~ Symbolism of Blazes ~
The Phoenix - The Story
It is said that as early as 500 B.C., people
believed in the phoenix, a legendary bird that would live for 500 years.
Near the end of its life, the phoenix would build a funeral pyre for itself.
As it began to die, it would lay down on the wood; the wood would burst
into flames consuming the phoenix after the bird died. The phoenix would
emerge anew from the ashes of the funeral pyre stronger and more beautiful
than before living on for another 500 years.
Thus, the phoenix, the ancient mythical creature
that is consumed by flames, only to be reborn anew, is another symbol of
transformation and a representation of the grief response. The transformation
phase is similar to that of the mythical creature the phoenix, which after
burning on a pyre, rises gloriously and triumphantly from the ashes to
live again. This mythical bird is especially representative for those who
feel entirely consumed by the deep emotional response to grief before re-emerging,
in a sense, being reborn by the experience.
The Phoenix and Blazes
When looking for a unifying theme to symbolize
the processing the grief response, the main symbol chosen to represent
the process we have termed "Transitional Medicine" was the butterfly; this insect undergoes a major transformation process
as part of its normal life cycle. The phoenix is provided here as an alternative
for those who feel that the butterfly is too fragile and delicate a creature
to be used as a symbol of the grieving process.
The phoenix was chosen to represent strength,
hope and rebirth, as well as transformation. The image of the phoenix emerging
from the ashes of complete destruction was also selected to be one that
would appeal to male visitors to the site. This image would better represent
the sturggle to change following a loss and be a symbol of strength in
The term "Blazes" comes from a poem that written
in 1996. This poem entitled "The Blaze" describes the story of the phoenix,
a mythical bird, who rises victoriously from the flames set to destroy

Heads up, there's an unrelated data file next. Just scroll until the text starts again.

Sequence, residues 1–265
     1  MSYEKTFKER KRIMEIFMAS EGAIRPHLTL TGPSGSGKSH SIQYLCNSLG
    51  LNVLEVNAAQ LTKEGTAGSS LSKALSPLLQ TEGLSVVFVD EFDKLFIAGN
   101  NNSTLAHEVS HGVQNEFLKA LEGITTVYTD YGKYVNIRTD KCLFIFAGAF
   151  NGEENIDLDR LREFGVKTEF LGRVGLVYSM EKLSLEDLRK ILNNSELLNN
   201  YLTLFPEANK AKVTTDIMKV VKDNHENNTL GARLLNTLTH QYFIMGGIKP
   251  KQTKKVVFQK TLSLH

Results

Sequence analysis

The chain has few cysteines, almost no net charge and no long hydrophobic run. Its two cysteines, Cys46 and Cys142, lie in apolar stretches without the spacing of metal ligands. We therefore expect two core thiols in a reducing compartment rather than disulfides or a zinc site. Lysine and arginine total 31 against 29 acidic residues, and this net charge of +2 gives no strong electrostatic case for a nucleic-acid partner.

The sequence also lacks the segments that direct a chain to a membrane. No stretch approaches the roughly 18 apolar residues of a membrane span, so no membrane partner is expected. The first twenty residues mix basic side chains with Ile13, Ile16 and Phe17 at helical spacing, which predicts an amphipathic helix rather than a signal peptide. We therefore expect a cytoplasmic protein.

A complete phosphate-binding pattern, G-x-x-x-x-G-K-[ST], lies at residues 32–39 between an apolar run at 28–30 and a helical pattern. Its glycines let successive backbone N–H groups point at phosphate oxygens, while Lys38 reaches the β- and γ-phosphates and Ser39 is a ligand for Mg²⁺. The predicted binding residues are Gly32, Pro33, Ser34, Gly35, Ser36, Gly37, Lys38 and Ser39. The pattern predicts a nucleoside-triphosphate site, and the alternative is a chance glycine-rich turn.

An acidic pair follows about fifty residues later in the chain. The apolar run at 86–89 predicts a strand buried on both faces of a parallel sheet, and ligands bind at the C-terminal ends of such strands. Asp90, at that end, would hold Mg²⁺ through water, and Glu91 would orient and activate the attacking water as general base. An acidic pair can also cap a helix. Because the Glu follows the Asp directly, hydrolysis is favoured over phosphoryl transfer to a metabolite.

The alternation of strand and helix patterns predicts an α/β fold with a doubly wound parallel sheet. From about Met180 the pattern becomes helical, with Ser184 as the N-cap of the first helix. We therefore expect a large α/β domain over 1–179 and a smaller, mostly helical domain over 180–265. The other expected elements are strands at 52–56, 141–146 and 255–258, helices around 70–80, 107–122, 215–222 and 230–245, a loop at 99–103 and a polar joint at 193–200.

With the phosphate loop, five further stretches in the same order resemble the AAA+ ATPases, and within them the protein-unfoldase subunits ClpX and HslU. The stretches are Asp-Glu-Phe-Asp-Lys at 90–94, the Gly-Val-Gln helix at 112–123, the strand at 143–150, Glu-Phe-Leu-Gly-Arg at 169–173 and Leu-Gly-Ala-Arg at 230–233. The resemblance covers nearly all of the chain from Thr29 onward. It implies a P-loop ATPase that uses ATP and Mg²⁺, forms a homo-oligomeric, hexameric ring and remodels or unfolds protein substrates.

it—reborn, renewed and gloriously and triumphant. In designing the site
we decided that it would be too confusing to use both themes within the
site, therefore use of the phoenix imagery has been primarily within the
"Butterflies & Blazes" section of the site. The phoenix images will
be incorporated with inspirational quotes into the new Healing
Place section of the site.
The Phoenix and Transitional Medicine
The mythologic phoenix was chosen as another
symbol of transformation and is used primarily within the "Butterflies
& Blazes" section of the site. This symbol was chosed to represent
an image of strength as an alternative to the more fragile, delicate butterfly
image. The story of the phoenix is another good representation of the grief
response, as the bird is consumed by flames only to be reborn anew rising
from the ashes of destruction; this imagery is especially helpful for those
who feel consumed by the deep emotional response of grief before re-emerging
in a sense, being reborn by the experience. Many people can relate to the
symbol of the phoenix emerging from the ashes of complete destruction—strength
The Phoenix Rises from the Flames of Loss
If you suppress grief too much, it can well redouble.
This website was established to help people of
both genders experiencing loss to better understand the grief response. It is particularly
important that the loss is processed in some way—whether talking with family a trusted friend, clergy,
health care or mental health professional; writing in a journal; working it out through exercise or finding other creative
ways of expressing the emotions— otherwise the grief may increase:
Journey of Hearts is also designed to aide visitors
in making it through the transition phase of the grief
response. This transition phase is one which may be filled with despondency
and depression, but by finding help and the resources that each individual
may need to cope with the crisis. It is our hope that the grieving will
emerge from the darkness of grief, incorporate the loss or change and be
transformed into a different person. In time just as the phoenix rises
reborn from the flames, so to will he/she emerge from the loss, forever
changed. Part of the grieving process involves learning to live again in
a life forever changed by the loss.
Each life-crisis I have faced has been a chance
for self-assessment and personal growth that has forced me to critically
evaluate the situation and find the opportunity frequently previously overlooked
or unconsidered prior to the life-altering circumstance. The crucial message
is that the out of death (symbolic as in relationship or death of a loved
one or friend), destruction and the depths of despair can emerge a new
life, a life stronger than before. I find the quote by Anne Wilson Schaef
to express these sentiments well:
we believe that we have
come to a place
that is void of hope
and void of possibilities,
only to find that it
is the very hopelessness
that allows us to hit
give up our illusion
turn it over,
and ask for help.
Out of the ashes of our
comes the fire of our
|Like the mighty phoenix,
Once again I rise from
the flames set to destroy me & take flight.
Kirsti A. Dyer,
The main orange logo phoenix was created
for the site by Maryann Sterling.
The blue phoenix is © Lethann at the
The animated blue
flames image is © Joan Kirk at Angelic
All images are used
within the copyright guidelines of the artists.
See the Emergency
911 Page for links to immediate resources
if you are feeling helpless,
hopeless, overwhelmingly depressed, or suicidal.
| A Healing Place
| Loss & Grief
| Emergency Pick-Me-Ups
| Condolence & Sympathy
| Transitional Medicine
| Butterflies & Blazes
About this Site